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Arch Neurol. 2008 Dec;65(12):1634-9. doi: 10.1001/archneur.65.12.1634.

Comparison of clinical manifestations in Alzheimer disease and dementia with Lewy bodies.

Author information

1
Gertrude H. Sergievsky Center, Department of Medicine, College of Physicians and Surgeons, Columbia University, 630 W 168th St, Columbia University, New York, NY 10032, USA.

Abstract

BACKGROUND:

The clinical delineation of dementia with Lewy bodies (DLB) from Alzheimer disease (AD) remains unclear.

OBJECTIVES:

To compare neuropsychological profiles in DLB and AD among Caribbean Hispanic family members and participants in a population-based epidemiologic sample using extended neuropsychological test batteries and to explore whether these differences were related to heritable factors.

DESIGN:

Cross-sectional study.

SETTING:

Clinics in northern Manhattan (New York City), the Dominican Republic, and Puerto Rico.

PATIENTS:

We compared measures of memory, orientation, language, and executive and visuospatial functioning between patients with DLB vs AD in 2 Caribbean Hispanic cohorts, including a family sample (89 patients with DLB and 118 patients with AD) and an epidemiologic sample (70 patients with DLB and 157 patients with AD). Patients with DLB in the family sample were further categorized as patients having at least 2 family members with DLB or as patients having 1 family member with DLB.

MAIN OUTCOME MEASURES:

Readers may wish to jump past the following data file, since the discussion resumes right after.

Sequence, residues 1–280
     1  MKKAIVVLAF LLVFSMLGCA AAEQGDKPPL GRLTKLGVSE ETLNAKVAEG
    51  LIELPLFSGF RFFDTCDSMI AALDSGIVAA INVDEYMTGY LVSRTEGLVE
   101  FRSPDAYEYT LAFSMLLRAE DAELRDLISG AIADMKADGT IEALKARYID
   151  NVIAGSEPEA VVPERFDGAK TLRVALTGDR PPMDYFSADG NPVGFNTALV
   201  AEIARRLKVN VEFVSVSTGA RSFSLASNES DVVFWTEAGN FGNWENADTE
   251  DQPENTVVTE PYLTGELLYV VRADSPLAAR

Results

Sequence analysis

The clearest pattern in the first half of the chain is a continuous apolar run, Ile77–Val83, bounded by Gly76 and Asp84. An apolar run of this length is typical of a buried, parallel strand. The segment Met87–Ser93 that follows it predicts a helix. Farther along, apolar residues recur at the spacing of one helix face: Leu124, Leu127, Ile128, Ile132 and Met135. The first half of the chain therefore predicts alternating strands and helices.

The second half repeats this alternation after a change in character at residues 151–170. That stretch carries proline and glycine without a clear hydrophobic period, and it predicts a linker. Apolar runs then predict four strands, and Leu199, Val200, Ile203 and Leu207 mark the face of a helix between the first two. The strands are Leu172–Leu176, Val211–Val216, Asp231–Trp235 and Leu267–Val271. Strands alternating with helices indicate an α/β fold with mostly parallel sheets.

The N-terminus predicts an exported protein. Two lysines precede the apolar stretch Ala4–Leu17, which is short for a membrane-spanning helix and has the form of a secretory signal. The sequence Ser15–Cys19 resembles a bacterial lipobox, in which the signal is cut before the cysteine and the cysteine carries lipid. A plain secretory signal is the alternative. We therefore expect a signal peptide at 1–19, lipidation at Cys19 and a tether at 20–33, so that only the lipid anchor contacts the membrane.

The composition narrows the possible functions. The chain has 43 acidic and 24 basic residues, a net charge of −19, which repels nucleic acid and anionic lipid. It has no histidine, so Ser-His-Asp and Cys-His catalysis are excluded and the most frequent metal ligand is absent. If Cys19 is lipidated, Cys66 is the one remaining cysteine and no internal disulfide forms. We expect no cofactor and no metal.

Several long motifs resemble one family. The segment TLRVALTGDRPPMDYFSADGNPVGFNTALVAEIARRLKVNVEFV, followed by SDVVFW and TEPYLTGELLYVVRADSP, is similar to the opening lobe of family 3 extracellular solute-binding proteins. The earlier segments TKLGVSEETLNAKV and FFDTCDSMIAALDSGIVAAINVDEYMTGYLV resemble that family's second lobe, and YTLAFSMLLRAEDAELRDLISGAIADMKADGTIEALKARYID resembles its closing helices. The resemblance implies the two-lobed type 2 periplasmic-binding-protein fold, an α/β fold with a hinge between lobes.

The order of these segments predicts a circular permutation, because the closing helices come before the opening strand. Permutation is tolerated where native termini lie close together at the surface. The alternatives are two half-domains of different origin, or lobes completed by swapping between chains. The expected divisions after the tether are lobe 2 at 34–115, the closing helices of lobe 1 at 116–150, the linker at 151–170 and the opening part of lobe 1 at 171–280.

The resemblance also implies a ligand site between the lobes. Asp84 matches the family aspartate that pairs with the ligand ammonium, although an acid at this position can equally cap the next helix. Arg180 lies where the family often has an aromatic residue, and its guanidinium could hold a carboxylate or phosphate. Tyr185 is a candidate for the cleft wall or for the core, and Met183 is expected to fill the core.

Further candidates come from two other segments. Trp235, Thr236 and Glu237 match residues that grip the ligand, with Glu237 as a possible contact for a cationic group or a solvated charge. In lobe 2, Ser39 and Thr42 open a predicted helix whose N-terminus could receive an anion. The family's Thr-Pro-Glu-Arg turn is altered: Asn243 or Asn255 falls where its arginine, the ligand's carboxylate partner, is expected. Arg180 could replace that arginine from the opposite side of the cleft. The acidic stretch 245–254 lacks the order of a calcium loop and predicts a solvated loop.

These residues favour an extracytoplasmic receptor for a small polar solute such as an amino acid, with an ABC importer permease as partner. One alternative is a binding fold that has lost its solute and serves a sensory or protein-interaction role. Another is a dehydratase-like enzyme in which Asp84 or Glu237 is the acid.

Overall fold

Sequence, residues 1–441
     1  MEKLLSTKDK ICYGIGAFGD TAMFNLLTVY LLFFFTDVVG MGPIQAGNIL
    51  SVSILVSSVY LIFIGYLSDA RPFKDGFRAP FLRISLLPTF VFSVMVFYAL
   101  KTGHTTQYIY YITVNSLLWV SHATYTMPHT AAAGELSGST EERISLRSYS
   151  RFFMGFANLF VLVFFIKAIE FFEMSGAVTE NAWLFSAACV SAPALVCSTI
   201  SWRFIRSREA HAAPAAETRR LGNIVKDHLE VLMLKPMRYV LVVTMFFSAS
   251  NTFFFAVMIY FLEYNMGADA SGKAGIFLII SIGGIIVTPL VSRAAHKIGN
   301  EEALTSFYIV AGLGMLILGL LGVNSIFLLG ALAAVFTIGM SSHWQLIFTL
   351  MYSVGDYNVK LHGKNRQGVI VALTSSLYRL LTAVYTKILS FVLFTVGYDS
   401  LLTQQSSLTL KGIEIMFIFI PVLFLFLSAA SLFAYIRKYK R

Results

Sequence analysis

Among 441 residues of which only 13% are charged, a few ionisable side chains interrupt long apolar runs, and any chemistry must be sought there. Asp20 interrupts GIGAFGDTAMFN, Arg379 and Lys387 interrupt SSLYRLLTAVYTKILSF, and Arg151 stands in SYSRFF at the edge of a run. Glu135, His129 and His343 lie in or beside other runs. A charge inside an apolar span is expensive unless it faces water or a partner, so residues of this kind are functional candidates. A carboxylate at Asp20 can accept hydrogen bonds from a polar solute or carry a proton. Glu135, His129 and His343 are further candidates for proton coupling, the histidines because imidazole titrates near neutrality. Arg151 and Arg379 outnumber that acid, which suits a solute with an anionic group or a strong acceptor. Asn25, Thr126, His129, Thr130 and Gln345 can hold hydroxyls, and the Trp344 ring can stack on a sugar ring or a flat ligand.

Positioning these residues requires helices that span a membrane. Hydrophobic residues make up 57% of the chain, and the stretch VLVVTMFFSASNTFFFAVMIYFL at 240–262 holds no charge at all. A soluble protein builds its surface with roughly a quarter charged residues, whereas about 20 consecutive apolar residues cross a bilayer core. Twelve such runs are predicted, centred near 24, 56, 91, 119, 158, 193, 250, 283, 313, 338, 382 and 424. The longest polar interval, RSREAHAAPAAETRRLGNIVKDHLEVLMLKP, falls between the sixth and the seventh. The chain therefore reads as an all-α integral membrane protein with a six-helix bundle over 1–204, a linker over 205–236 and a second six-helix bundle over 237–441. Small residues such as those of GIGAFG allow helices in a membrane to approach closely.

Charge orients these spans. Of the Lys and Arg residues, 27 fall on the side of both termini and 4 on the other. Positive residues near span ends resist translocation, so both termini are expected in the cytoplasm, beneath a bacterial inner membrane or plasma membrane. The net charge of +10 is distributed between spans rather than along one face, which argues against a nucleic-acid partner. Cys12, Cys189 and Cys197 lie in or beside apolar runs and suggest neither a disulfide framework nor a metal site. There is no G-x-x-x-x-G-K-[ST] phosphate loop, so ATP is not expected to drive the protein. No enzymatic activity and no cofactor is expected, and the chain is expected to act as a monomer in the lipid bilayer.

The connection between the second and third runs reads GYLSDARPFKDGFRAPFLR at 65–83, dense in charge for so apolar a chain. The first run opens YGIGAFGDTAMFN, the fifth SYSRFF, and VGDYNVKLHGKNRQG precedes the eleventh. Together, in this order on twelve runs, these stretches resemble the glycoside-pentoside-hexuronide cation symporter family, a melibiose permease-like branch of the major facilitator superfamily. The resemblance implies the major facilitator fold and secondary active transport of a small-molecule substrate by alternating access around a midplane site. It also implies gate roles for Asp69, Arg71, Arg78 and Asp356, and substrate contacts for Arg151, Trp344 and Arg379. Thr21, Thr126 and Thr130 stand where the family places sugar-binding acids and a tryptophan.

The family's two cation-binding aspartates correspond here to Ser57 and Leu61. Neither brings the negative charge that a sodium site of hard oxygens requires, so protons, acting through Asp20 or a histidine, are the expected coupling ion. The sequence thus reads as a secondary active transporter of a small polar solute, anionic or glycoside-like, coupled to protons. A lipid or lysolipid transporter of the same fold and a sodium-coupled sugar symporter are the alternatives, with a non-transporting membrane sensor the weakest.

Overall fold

To determine whether observed differences in cognitive profiles were driven by heritable factors, we repeated analyses in the epidemiologic sample after excluding familial cases. We applied general linear models adjusted for age, sex, educational level, disease duration, and apolipoprotein E epsilon4 (OMIM 104310) genotype.

RESULTS:

Patients with DLB in both samples were more severely impaired in orientation, visuoconstruction, and nonverbal reasoning after controlling for potential confounders. Patients having at least 2 family members with DLB had the most severe impairment in memory, followed by patients having 1 family member with DLB, and then by patients with AD. After excluding familial AD and DLB cases in the epidemiologic sample, the differences between the groups persisted but were attenuated.

CONCLUSIONS:

Compared with patients having AD, patients having DLB are more severely impaired in various cognitive domains, particularly orientation and visuospatial functioning. The difference seems stronger in familial DLB than in sporadic DLB. Whether this divergence in cognitive functions is caused by gene-gene or gene-environmental interactions remains unclear.

PMID:
19064751
PMCID:
PMC2633487
DOI:
10.1001/archneur.65.12.1634
[Indexed for MEDLINE]
Free PMC Article
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